Telavancin inhibits peptidoglycan biosynthesis through preferential targeting of transglycosylation: evidence for a multivalent interaction between telavancin and lipid II
Abstract number: 1732_160
Benton B., Breukink E., Visscher I., Debabov D., Lunde C., Janc J., Mammen M., Humphrey P.
Objectives: Telavancin (TLV) is a novel, rapidly bactericidal lipoglycopeptide with activity against methicillin-resistant Staphylococcus aureus (MRSA). TLV possesses a unique, multivalent, multifunctional mechanism that contributes to enhanced activity and includes inhibition of cell wall peptidoglycan (PG) biosynthesis and disruption of bacterial membrane barrier function. In vitro studies suggest that TLV exhibits superior antibacterial potency relative to vancomycin (VAN); this may be due to the lipophilic decylaminoethyl side chain that targets TLV to the bacterial cell membrane. The objective of this study was to elucidate the mechanistic basis for the enhanced antibacterial action of TLV.
Methods: Isothermal titration calorimetry was used to determine affinities of TLV to 3-lipid II (a water soluble lipid II analogue), and wild-type lipid II embedded in model membrane vesicles made of 1,2-dioleoyl-sn-glycero-3-phosphocholine. PG biosynthesis was evaluated in methicillin-susceptible, methicillin-resistant, and vancomycin-intermediate isolates of S. aureus. Formation of immature (polymerised, non-cross-linked transglycosylation product) or mature (polymerised, cross-linked, the product of transglycosylation then transpeptidation) PG was assayed in intact cells by measuring incorporation of [14C]-GlcNAc into 5% trichloroacetic acid-insoluble material in the presence of penicillin G (immature PG), or into hot 4% sodium dodecylsulphate-insoluble material (mature PG).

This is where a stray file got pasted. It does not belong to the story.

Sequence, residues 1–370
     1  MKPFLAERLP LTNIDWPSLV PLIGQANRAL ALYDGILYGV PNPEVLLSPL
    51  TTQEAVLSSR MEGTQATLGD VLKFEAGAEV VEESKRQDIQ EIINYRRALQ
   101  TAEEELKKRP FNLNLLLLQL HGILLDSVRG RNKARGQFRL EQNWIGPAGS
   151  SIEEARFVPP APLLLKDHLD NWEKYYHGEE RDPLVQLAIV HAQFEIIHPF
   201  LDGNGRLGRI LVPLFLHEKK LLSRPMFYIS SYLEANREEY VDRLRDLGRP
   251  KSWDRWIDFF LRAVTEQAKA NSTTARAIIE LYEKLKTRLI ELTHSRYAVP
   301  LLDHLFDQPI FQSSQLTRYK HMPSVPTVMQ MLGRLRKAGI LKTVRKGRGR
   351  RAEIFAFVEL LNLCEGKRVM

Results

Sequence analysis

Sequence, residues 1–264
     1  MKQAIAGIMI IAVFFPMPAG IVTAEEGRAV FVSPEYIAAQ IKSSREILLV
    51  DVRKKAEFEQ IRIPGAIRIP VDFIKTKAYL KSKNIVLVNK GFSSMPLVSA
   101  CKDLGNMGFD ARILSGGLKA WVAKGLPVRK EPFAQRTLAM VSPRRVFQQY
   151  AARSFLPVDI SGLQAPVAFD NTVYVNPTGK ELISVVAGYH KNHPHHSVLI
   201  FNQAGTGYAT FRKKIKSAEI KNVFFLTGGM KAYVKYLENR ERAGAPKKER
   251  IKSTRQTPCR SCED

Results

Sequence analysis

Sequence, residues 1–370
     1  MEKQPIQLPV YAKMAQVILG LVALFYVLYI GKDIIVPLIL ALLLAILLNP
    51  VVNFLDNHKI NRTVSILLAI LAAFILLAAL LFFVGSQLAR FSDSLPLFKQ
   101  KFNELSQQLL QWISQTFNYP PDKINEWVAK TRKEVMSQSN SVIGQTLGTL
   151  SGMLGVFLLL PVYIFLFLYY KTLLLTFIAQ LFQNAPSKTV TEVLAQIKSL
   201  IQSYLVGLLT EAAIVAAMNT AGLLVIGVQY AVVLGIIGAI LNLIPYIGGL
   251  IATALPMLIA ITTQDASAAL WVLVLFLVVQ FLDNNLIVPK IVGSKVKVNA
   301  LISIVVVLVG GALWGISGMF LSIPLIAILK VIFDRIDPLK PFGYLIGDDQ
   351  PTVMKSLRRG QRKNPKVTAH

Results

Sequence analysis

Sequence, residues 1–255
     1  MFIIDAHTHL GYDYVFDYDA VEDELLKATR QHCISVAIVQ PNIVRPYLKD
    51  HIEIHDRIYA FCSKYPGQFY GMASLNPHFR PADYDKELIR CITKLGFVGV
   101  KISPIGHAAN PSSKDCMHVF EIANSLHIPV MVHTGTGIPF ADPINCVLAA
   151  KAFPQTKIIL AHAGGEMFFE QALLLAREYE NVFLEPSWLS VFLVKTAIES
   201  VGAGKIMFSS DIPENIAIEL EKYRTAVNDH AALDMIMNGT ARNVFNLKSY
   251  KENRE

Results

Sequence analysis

Results: The affinity of TLV for the water-soluble lipid II variant was 4.7±0.5×105 M-1; a nearly 35-fold increase in affinity was observed with membrane-bound, wild-type lipid II. Inhibition patterns of immature and mature PG by TLV were distinct from those of VAN. VAN preferentially inhibited the formation of mature PG (transpeptidation reaction product), requiring ~10-fold higher concentration to inhibit transglycosylation. In contrast, TLV appeared to preferentially inhibit the transglycosylation reaction.
Conclusion: TLV inhibits PG polymerisation and cross-linking steps in bacterial cell wall synthesis. The higher affinity of TLV for membrane-bound lipid II (vs the soluble analogue) is consistent with the concept that TLV selectively binds to the bacterial cell membrane. The superior inhibitory potency of TLV toward PG biosynthesis may derive from its membrane-anchoring properties which confer increased binding affinity for the transglycosylase substrate, lipid II.
|Session name:||European Society of Clinical Microbiology and Infectious Diseases|
|Location:||ICC, Munich, Germany|
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